For those of you who have been following me on Instagram for the last little while, you may know that I’ve recently released a series of micro-poems there.
If not, the collection is called Autobiographical Alphabet: Life After Nineteen.
The poems were written in 2017, after I turned twenty. In New Zealand & Australia where I’m from, 18 and 21 are considered ceremonious years. Personally, I feel like the transition between 19 to 20 is, linguistically at least, just as important because it marks one’s departure from the ‘-teen’ years (13-19).
With the set structure of the alphabet and the challenge of keeping to only a sentence or two per poem, I wanted to use this series to explore more broadly who I am and what I observe & feel in this awkward phase when I am no longer a child but don’t quite feel like a proper adult.
I’ll be delving into some of the circumstances and intentions surrounding the pieces below. In all honesty, I think that to a large degree, an author’s intent is irrelevant to a reading and it’s important for you to take away what you will from the standalone poems. With that being said, I selfishly wanted to explain them a bit more so I can pour over these memories & experiences yet again. I’m sure there are some people who are curious about it too, so this is for me & you :—)
I wrote this poem for a friend who I’ve known since intermediate (middle school). She is an absolute angel – beautiful, kind, perfect. I don’t think I’ve met more than a handful of other people who are genuinely as soft and pure.
Though sometimes in private I’d wonder if she was a bit too perfect. Maybe it makes me a bad person (I’d never argue to the contrary) but I kept waiting for the day when the image would crack and something mean or unreasonable will spill out…but it never did. When a boy broke her heart, she mourned so gently and with so much poise that it left me unsettled.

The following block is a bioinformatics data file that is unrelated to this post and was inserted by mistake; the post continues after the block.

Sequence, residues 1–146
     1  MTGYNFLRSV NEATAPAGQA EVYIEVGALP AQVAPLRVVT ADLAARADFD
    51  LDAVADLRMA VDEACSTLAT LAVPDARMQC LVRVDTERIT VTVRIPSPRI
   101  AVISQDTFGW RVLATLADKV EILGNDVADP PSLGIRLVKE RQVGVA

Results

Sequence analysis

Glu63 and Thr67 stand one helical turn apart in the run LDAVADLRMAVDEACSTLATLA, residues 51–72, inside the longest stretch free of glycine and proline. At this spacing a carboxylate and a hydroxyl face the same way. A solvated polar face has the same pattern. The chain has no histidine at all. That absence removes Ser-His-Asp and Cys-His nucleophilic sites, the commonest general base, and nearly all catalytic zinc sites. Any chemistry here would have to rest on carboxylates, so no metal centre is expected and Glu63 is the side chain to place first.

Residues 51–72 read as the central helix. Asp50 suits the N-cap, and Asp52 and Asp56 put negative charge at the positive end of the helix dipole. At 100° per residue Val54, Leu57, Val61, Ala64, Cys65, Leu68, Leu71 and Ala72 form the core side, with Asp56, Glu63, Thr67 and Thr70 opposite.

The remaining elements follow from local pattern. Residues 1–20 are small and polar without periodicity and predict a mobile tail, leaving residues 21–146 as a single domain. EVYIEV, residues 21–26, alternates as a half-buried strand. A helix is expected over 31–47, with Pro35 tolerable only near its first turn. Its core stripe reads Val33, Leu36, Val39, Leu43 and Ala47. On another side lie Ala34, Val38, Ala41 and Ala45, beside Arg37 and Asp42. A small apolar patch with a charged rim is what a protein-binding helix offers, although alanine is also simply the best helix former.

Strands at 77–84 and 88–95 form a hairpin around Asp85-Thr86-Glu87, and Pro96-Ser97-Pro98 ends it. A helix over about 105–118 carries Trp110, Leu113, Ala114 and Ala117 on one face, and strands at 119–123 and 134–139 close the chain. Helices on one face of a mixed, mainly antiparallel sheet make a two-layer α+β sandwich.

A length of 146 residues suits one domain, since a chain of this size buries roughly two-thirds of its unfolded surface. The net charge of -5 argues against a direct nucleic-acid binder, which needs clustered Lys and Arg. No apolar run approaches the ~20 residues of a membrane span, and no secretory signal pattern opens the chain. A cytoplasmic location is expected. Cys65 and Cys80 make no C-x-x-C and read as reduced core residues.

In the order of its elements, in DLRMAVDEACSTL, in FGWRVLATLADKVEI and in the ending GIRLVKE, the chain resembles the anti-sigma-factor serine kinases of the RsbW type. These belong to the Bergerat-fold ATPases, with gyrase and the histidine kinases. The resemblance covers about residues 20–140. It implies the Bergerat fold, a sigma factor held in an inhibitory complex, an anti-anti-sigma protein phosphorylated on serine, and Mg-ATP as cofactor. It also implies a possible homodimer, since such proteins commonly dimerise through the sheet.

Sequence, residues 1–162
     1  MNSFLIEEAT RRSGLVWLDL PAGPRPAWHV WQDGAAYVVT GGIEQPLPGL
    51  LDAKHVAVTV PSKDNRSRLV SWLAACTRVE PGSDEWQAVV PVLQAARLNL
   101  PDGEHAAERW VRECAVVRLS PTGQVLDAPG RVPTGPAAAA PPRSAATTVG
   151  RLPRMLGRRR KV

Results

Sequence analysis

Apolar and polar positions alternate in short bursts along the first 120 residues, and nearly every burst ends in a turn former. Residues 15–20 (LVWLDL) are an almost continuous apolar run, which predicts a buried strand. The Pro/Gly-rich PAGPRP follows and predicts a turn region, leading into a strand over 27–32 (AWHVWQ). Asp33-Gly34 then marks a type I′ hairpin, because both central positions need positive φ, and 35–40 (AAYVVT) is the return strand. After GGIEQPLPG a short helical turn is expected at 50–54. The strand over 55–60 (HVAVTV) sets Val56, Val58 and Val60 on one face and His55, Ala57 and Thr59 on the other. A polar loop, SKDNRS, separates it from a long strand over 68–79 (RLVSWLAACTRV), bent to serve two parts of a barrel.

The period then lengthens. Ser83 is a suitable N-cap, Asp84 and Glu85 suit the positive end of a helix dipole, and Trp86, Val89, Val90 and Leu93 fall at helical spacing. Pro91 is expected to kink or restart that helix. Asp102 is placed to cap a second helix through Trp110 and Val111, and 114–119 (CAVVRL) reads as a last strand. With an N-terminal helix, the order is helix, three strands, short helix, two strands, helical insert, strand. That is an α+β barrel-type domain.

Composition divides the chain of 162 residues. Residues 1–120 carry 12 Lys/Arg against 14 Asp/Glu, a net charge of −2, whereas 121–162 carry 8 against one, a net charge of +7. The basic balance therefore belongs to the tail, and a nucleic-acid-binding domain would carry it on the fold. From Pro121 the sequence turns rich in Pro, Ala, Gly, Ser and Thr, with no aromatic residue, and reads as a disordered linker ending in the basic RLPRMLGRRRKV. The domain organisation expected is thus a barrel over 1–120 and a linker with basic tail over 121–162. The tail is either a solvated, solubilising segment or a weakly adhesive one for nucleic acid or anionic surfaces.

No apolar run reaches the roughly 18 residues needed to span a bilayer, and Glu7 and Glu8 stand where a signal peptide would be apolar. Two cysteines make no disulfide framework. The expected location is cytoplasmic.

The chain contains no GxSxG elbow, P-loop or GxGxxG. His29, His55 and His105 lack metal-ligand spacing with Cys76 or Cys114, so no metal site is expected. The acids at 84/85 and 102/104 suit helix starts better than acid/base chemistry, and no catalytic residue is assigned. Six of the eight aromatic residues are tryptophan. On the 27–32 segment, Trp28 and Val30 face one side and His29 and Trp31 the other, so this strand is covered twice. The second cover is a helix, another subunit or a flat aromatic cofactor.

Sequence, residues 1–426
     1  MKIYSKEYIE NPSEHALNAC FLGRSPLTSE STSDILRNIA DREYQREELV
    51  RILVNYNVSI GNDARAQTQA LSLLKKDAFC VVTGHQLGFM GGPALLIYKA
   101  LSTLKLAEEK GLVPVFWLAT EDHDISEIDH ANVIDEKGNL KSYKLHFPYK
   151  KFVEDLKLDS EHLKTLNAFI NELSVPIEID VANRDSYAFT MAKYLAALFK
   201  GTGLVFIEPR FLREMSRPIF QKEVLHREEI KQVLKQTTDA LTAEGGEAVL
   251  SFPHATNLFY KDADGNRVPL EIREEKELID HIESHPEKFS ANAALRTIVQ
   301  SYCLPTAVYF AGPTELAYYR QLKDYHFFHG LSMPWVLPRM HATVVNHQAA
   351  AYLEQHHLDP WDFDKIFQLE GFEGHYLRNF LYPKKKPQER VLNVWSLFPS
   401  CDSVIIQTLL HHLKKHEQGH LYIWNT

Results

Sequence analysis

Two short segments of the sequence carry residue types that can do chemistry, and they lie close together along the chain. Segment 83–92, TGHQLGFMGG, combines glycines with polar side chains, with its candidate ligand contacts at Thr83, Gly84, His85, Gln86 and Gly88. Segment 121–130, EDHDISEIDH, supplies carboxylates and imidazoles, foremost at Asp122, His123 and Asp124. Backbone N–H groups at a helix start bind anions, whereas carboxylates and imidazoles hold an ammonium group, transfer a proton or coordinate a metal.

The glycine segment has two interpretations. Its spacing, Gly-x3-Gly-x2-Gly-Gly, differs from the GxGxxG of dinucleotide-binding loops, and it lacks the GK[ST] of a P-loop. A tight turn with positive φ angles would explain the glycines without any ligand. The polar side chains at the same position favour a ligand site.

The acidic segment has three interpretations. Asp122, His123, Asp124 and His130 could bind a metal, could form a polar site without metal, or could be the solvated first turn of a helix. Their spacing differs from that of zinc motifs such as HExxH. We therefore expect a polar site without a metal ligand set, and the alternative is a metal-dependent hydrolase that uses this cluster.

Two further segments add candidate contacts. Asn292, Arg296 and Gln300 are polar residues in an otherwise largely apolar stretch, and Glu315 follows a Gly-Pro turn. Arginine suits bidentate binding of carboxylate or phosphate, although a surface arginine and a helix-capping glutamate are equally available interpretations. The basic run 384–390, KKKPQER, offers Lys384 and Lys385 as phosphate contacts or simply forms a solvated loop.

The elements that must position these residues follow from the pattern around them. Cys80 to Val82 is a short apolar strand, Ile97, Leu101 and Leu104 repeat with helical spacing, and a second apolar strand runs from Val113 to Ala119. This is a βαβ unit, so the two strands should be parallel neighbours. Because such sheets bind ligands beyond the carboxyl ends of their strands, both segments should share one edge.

I didn’t put my finger on it until recently. Perhaps it’s just me overthinking but it was almost like she couldn’t allow herself to hold onto an ounce of bitterness, even when she had every right to, in case it stained her with something that was too dark and too real. Ugly.
This poem is for her and women in general who were taught that they had to hide their pain. For women who are expected to shirk their own needs forever and always so they can be so good and generous to everyone else with their seemingly endless love and comfort.
What are your thoughts on nature vs nurture? Either way, I was a shy and introverted child. Mum always pushed me to speak to strangers and make new friends. A word she always wanted me to strive for was “bubbly”.
Bright, light, fun, harmless, palpable. Her friend’s child was like this, why couldn’t I be? Over a decade later, I would say that I feel like a carefully pruned bonsai tree who has gotten closer and closer to her ideal. I would say “bubbly” is one of the top 5 words most of my friends would use to describe me.
I still don’t like that word. I think it’s because it feels like an act, even now. It’s so tiring to be friendly and happy, it doesn’t really leave room for much of a personality. I don’t know if it’s who I am or who I’ve been taught I should be and being around strangers acting “bubbly” leaves me so flat and empty. Scariest of all though is that the formative years are over, the shape is set, I truly don’t know how else I can present to and exist in this world.
Continue reading “Autobiographical Alphabet: Part 1”